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Architecture and Type: A Modern Marriage

Article by Virginia Smith March 21, 2006


Filed Under: Inspiration , Voice , typography

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For a graphic designer who accepted the Modernist
principle of the unity of the artsthat graphic design
and typography share the same theoretical base as
architecture, that they arise from the same mindset and
occupy the same visual landscapethe new architecture
of lower Manhattan stumps me. At Ground Zero, the 7
World Trade Center corporate Tower #1 by Skidmore,
Owings and Merrill (SOM) has nearly topped out and has
secured its first tenant; Tower #2, just announced, will be
by British architect Norman Foster, designer of the
controversial Swiss Re London tower shaped like a steel
pickle, and Santiago Calatrava's soaring white glass bird
for the WTC Transportation Hub, is set to fly by 2009.
What is comparable to all this development in graphic
design and typography? Is there a unity of the arts in the
post-Post-Modern era?
Early Modern theorists stressed the oneness of style: Le
Corbusier said in 1923, Style is a unity of principles
animating all the work of an epoch, the result of a state of
mind that has its own special character. Our own epoch is
determining, day by day, its own style." Gropius went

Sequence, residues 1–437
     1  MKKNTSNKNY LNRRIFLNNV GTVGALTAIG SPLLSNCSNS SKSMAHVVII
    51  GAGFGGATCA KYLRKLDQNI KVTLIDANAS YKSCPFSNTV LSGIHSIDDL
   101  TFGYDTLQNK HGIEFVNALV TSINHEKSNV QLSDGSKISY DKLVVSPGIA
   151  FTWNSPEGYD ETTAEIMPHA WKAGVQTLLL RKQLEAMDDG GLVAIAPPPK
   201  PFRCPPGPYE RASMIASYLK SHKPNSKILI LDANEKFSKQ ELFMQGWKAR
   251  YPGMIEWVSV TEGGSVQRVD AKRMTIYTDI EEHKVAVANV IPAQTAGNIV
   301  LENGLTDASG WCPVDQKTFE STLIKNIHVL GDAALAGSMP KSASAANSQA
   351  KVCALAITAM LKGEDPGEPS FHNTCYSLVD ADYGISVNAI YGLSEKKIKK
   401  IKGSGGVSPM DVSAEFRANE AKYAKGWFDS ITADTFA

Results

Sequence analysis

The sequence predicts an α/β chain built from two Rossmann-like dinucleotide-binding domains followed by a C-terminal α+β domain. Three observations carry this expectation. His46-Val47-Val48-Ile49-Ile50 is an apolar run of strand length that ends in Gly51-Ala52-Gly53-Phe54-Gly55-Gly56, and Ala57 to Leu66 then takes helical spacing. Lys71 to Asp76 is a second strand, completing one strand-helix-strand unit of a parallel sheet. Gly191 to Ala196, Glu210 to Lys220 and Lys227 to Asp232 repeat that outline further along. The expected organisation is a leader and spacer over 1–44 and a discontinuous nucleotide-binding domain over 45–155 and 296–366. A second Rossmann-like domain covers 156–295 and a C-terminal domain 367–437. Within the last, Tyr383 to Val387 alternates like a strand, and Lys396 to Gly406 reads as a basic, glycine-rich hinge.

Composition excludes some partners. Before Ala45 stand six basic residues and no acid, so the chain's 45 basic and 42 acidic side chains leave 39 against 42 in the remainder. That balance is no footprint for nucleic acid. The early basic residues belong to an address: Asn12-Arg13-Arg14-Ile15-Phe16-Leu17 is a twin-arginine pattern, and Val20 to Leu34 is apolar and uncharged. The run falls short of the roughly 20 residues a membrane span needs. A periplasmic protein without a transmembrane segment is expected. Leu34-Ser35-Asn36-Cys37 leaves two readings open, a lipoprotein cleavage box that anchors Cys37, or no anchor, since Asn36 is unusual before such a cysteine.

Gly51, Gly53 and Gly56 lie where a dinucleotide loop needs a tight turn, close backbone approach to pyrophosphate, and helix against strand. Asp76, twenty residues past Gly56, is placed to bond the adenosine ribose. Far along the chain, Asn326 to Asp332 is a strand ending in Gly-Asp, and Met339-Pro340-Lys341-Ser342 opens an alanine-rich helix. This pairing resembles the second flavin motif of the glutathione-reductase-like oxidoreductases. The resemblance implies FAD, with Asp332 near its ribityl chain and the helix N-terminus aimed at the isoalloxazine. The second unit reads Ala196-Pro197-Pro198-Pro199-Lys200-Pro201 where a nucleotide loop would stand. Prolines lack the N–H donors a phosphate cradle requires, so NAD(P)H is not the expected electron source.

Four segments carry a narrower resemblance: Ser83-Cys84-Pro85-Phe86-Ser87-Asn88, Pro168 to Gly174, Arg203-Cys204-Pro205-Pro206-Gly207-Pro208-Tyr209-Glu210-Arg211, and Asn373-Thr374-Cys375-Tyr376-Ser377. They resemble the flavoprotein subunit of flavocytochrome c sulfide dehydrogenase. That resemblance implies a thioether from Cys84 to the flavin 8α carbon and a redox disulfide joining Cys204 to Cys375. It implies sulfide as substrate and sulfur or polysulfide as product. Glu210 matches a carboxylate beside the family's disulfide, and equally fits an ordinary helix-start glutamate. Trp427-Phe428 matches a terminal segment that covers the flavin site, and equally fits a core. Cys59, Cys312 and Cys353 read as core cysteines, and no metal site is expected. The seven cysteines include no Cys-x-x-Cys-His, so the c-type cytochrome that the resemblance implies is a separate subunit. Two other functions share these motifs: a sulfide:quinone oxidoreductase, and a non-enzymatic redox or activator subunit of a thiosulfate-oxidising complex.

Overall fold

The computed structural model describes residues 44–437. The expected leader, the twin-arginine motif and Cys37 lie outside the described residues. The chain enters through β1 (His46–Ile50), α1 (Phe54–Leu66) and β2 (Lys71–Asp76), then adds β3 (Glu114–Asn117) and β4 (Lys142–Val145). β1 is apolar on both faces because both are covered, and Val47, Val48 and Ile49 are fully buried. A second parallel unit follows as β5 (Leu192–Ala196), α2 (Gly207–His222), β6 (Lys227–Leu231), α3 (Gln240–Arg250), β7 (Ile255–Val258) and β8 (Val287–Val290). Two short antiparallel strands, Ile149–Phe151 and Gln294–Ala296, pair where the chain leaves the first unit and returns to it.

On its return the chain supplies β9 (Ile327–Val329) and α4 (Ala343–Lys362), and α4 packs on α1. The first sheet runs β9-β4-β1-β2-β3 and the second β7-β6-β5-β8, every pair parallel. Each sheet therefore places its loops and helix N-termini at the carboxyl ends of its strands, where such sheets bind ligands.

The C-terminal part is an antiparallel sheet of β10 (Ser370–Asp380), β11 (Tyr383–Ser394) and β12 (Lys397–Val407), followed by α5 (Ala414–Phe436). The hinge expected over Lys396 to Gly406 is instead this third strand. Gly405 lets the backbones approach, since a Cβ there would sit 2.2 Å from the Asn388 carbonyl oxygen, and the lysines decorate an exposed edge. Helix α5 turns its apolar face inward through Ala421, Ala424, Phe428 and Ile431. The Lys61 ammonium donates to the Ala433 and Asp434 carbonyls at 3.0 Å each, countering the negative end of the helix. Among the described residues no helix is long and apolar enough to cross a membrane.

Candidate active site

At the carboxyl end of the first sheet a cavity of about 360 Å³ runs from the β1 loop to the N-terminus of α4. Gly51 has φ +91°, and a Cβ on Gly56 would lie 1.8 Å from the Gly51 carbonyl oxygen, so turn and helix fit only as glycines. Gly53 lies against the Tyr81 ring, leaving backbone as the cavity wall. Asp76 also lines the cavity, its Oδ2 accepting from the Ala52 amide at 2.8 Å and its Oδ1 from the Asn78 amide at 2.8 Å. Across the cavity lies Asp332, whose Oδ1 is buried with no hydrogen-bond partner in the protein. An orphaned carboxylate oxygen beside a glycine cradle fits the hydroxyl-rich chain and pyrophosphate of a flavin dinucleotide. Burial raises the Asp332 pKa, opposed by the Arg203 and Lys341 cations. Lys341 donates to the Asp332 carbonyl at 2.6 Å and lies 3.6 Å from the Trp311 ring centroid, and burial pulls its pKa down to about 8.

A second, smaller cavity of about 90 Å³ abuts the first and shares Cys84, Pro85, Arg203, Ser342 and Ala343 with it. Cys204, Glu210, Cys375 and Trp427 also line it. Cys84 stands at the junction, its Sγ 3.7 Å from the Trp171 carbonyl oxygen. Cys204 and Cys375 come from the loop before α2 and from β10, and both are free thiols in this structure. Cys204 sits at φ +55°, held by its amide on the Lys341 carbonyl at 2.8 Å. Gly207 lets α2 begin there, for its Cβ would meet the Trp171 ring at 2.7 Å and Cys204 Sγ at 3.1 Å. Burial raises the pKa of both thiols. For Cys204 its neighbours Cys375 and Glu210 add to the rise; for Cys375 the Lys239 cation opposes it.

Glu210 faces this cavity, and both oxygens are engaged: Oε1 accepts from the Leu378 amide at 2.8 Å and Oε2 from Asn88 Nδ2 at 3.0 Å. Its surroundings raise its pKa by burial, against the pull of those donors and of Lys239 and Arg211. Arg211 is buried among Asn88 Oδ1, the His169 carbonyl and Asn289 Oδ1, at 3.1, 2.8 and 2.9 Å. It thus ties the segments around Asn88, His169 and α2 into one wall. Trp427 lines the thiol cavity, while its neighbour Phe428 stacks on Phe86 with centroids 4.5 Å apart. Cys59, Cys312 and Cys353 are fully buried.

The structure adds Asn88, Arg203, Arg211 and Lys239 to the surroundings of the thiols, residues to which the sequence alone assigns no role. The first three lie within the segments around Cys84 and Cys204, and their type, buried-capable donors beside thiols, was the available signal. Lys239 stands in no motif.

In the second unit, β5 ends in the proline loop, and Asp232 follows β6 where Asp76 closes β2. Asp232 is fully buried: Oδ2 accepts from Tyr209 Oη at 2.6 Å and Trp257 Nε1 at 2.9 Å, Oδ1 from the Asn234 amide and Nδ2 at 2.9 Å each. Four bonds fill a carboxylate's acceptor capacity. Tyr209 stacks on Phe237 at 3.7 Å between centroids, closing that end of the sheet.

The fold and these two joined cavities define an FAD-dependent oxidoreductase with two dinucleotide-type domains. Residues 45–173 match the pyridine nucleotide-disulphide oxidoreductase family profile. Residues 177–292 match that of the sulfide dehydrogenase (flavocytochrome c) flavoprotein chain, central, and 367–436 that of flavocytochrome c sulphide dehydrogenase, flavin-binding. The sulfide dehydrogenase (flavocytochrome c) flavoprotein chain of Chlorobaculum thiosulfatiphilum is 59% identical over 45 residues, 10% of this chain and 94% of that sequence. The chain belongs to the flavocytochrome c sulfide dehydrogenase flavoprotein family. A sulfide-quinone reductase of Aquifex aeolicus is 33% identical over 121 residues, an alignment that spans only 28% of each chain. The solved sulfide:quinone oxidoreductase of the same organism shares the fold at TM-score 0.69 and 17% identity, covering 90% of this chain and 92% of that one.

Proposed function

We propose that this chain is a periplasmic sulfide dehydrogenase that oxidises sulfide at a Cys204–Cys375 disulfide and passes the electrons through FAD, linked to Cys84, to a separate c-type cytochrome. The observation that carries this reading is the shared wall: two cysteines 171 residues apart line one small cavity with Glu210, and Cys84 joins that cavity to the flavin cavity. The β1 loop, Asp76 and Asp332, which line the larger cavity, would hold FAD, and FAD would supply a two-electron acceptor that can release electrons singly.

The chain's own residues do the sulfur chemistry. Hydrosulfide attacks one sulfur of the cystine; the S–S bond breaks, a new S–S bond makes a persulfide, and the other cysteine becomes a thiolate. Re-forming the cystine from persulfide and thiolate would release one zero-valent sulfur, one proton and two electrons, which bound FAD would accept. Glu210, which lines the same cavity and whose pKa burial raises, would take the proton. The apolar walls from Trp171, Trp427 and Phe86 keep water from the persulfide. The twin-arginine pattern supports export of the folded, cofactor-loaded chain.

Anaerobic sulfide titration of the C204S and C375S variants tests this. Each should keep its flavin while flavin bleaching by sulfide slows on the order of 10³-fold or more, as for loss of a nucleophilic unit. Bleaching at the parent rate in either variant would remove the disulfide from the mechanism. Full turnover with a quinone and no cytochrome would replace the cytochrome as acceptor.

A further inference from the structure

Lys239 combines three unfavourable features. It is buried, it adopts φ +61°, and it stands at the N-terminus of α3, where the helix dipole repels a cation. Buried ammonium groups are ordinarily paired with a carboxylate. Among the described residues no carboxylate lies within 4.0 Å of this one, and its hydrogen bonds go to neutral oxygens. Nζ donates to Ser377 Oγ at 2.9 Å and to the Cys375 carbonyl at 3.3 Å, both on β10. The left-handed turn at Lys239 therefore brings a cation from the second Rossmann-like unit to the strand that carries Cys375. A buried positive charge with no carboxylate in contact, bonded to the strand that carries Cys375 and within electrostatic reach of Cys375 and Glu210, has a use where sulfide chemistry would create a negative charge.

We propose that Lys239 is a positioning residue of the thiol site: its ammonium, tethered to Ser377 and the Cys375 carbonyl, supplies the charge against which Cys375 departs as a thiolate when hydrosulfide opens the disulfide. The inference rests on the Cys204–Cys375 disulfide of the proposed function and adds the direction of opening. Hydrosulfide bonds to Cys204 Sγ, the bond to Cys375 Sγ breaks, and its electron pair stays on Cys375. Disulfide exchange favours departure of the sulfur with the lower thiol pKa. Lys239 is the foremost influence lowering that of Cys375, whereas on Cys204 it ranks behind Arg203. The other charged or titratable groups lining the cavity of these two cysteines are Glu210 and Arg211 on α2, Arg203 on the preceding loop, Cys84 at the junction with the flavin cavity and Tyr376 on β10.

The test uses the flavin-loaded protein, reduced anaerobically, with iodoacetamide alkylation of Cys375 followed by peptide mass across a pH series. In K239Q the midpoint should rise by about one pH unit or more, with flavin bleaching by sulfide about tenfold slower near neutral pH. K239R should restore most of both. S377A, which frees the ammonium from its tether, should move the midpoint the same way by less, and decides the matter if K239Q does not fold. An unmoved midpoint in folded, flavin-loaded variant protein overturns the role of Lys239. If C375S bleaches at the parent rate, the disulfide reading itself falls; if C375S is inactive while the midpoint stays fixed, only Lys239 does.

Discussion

further in recognizing, "the common citizenship of all
forms of creative work and their logical interdependence
on one another in the modern world." Alvin Lustig, whose
early death deprived Yale of a serious design theorist,
hoped for "the kind of relationship that existed in earlier
periods between objectsthe great symbolic spark that
jumped between a candle stick, a Gothic cathedral, or a
tapestry." So, today, where is that spark? Is there any
resemblance, or any "interdependence," among
designers of buildings and designers of pages and
letterforms? In his 1928 manifesto of the modern spirit
in typography, The New Typography, Jan Tschichold
named Adolf Loos, Mies van der Rohe and Le Corbusier
as architects expressing the spirit of modernism. In this
interesting work, he advised German printers to achieve
the modern spirit by rejecting old style faces and using
the nondescript sans serifs in the type case, such as
Venus. But the modern impulse stirred in designers, and
new sans serifs appeared. The types of Jakob Erbar (Erbar
type 1926), especially Paul Renner (Futura type 1927)
and Rudolf Koch (Kabel type 1927) became widely
popular from their first appearance.
Graphic design repeats in miniature what architecture
does monumentally. In my new book, Forms in
Modernism; A Visual Set. The Unity of Typography,
Architecture and the Design Arts, I pair similar
approaches in the treatment of form by architects and
designers. Early in the 20th century, the stripped
Looshaus building in Vienna and the stripped sans